#### Consortium for Mathematics and its Applications

Product ID: Geometer’s Corner
Supplementary Print
High School

# Euclid’s Pyramid: A Colorful Construction

### Author: Jon Choate

Several of my past columns have focused on how one can construct many of the regular and semi‑regular polyhedra using modern 3D geometric tools like those found in GeoGebra Graphics 3D. I’m working on a book that shows how to construct all the Platonic, Archimedean, and Catalan Solids using Alicia Boole Stott’s expansion and contraction methods that I talked about in my Geometer’s Corner in Consortium 121: Alicia Boole Stott, The Duchess of Archimedia. As I work on the book, I have become increasingly curious about how the Platonic Solids were constructed in Euclid’s Elements when none of the modern 3D geometric tools including Cartesian coordinate systems had been developed. Several mathematical historians have pointed out that the first 12 Books of the Elements were just setting the stage for Book 13 on the regular polyhedra, so his construction of the five Platonic Solids is done using only the Theorems and Lemmas introduced earlier in the Elements. It should also be pointed out that the Pythagoreans developed much of the material in the first 12 books of the Elements, and that Theaetetus developed some of the results in Book 13.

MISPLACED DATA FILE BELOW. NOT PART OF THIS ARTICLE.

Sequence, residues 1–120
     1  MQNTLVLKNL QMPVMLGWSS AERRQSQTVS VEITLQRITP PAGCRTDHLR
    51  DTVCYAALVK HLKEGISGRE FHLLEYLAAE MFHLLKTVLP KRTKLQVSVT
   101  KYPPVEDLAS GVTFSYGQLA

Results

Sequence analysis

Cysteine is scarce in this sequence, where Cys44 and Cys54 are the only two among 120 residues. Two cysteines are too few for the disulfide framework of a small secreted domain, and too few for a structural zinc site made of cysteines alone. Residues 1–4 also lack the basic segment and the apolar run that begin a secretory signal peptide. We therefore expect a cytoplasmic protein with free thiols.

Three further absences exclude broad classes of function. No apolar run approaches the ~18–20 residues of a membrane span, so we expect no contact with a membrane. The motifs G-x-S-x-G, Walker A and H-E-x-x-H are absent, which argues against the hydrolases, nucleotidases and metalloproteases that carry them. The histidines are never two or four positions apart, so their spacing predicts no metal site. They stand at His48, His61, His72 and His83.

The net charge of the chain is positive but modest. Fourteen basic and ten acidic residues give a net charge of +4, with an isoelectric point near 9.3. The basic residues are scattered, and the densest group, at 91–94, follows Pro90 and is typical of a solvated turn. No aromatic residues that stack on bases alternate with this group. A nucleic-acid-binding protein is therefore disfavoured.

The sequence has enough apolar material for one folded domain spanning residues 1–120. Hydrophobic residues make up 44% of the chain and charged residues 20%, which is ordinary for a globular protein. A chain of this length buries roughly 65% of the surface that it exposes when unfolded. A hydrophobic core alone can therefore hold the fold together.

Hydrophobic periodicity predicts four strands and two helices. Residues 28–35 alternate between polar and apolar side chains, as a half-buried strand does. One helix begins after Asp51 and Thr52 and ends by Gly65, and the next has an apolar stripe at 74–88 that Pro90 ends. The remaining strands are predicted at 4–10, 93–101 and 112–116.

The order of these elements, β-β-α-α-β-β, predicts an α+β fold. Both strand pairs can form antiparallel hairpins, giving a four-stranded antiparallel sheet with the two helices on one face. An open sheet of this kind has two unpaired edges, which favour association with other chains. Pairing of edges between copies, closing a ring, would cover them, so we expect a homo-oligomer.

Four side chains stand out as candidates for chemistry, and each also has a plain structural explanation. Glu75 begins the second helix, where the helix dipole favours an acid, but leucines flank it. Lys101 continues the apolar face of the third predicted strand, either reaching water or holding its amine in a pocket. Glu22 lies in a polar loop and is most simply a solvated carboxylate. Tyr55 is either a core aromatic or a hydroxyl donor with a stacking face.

In this column I will use GeoGebra Graphics 3D to take you through how Euclid in Book XIII Proposition 13 envisaged constructing an equilateral pyramid enclosed in a sphere. We now know his pyramid as a Tetrahedron. I will quote Euclid’s Proposition XIII.13, which I found on David Joyce’s wonderful Euclid’s Elements website, mathcs.clarku.edu › ~djoyce › java and then create diagrams using different colors for each new element constructed.

Consortium 123
2 Pages

#### Mathematics Topics:

• Geometry ,
• Solid Geometry

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COMAP develops curriculum resources, professional development programs, and contest opportunities that are multidisciplinary, academically rigorous, and fun for educators and students. COMAP's educational philosophy is centered around mathematical modeling: using mathematical tools to explore real-world problems.

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